• Kate Clarke

Anthony F@cking Newley

Updated: Sep 25, 2020

This is one of my favourite photographs. Terry's too. It was taken in Dunblane after Terry and I, and his son Joseph had visited Terry's mother.

Joseph and Terry had an incredible bond. They were aligned in all the important ways - not least musically. He was a sweet soul, too. A deep thinker, a devastating guitar player, a writer of affecting, abstract lyrics and a careful listener who talked about Miles Davis, Shuggie Otis, Nile Rodgers, Roy Orbison, Paul Weller and John Lennon - always John Lennon - as if he had weighed every note they sang and played, catalogued its value, and locked it in his heart for safe-keeping. He played Jobim's Dindi like an angel.

Once, when he was staying with us, I was in the kitchen making dinner while Terry and Joseph were scrolling through the TV in the other room. They stumbled upon Britain's Got Talent, or The X Factor, or some similar parade of the unfortunates. Terry turned up the volume, for comical effect, just as a young woman launched into a flight of off-key melisma. He knew it would bring me out of the kitchen, open mouthed, whisk in hand.

It did.

Just as I was saying: "Why are you two watching this abomination? the camera panned across the audience to find Joan Collins taking a seat. I was incensed. Joan Collins? What is Joan Collins doing at this tripe-fest?

Joseph said: "Why, what's special about Joan Collins?"

I said: "She was married to Anthony F@cking Newley. She should have two good ears."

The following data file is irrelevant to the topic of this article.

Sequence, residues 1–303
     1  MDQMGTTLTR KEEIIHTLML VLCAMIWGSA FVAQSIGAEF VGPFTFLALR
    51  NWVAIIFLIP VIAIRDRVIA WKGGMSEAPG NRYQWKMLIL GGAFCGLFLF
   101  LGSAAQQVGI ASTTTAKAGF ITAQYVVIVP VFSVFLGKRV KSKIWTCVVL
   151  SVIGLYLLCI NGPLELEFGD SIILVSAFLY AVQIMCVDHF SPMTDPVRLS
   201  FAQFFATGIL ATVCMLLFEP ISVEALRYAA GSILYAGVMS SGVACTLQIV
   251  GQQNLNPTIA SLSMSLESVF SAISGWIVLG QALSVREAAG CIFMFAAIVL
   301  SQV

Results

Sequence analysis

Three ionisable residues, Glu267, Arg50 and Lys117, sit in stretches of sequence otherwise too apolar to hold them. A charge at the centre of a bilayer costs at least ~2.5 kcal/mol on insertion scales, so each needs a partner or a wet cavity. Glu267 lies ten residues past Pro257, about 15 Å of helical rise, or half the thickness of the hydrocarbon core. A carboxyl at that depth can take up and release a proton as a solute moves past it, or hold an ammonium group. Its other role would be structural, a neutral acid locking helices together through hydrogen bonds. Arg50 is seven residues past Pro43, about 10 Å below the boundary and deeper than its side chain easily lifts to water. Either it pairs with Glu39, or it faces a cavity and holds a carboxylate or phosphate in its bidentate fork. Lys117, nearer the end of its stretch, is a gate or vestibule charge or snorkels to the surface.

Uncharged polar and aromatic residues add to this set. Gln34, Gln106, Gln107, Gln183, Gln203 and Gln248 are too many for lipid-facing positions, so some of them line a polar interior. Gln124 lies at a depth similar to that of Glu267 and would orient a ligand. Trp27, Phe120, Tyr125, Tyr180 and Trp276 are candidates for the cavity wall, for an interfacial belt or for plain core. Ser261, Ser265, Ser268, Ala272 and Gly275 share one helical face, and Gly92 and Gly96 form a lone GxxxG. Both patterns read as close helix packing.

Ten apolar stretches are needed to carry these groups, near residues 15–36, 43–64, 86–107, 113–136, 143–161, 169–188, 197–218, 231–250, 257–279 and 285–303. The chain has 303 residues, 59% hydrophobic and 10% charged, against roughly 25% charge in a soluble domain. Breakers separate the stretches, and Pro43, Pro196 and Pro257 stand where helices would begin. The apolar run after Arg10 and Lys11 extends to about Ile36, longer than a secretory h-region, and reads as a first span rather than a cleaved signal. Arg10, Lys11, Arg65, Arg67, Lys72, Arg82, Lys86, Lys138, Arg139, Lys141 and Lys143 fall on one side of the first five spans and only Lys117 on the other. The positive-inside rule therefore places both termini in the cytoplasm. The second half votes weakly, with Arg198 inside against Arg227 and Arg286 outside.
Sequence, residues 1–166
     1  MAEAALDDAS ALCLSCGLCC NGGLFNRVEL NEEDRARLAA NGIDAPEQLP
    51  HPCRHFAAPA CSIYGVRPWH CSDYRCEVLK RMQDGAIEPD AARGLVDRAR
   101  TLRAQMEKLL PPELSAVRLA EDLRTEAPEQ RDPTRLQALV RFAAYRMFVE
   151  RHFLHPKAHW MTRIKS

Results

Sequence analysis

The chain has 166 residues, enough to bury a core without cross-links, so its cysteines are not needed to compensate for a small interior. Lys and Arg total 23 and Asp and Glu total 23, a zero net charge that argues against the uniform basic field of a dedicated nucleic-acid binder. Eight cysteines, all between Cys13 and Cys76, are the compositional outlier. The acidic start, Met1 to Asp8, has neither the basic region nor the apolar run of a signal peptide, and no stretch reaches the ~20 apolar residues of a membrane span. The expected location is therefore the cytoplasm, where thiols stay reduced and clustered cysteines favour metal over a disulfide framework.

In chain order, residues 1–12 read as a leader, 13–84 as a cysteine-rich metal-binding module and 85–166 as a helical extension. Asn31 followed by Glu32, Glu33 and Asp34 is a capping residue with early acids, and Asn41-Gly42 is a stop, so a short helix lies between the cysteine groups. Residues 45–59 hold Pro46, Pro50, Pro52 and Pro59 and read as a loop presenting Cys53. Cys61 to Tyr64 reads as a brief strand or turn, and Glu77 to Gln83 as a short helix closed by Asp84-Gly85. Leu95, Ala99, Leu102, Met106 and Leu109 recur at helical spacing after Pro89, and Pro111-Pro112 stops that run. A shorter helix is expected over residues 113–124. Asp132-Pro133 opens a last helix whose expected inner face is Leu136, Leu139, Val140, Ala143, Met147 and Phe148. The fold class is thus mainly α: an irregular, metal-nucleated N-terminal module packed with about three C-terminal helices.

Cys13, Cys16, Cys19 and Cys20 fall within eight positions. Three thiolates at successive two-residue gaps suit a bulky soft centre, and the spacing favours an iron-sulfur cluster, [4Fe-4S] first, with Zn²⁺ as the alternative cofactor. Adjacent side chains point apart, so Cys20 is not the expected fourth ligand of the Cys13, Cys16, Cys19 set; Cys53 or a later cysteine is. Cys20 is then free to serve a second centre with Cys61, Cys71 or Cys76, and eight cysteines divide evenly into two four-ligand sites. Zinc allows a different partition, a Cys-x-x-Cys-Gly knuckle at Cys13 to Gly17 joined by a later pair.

Joseph's far-reaching musical tastes hadn't yet found Newley, so the three of us spent the next few hours on Youtube with him. Dinner got cold.

It isn't easy to explain to a 22-year-old, even one as knowledgeable as Joseph was, about that odd, lovely, short chapter of history, when The Beatles and The Stones, bossa nova acts and Matt Monro all shared stages, TV and radio slots, and admiration for each other. Those adorable photographs of John Lennon and Lionel Bart, or Lennon and Alma Cogan partying together, illustrate the 1960s as much as any photo of Twiggy in a miniskirt and in a Mini Cooper. It is inevitable that the story of the 1960s that is told now, decades later, is dominated by pure rock & roll. And a writer such as Newley was hardly going to fade into obscurity, no matter what tidal wave of popular culture came for him.

The boy did alright.

Joseph was fanatical about David Bowie. So, as soon as Newley opened his mouth on those Youtube clips, he felt he already knew him anyway.


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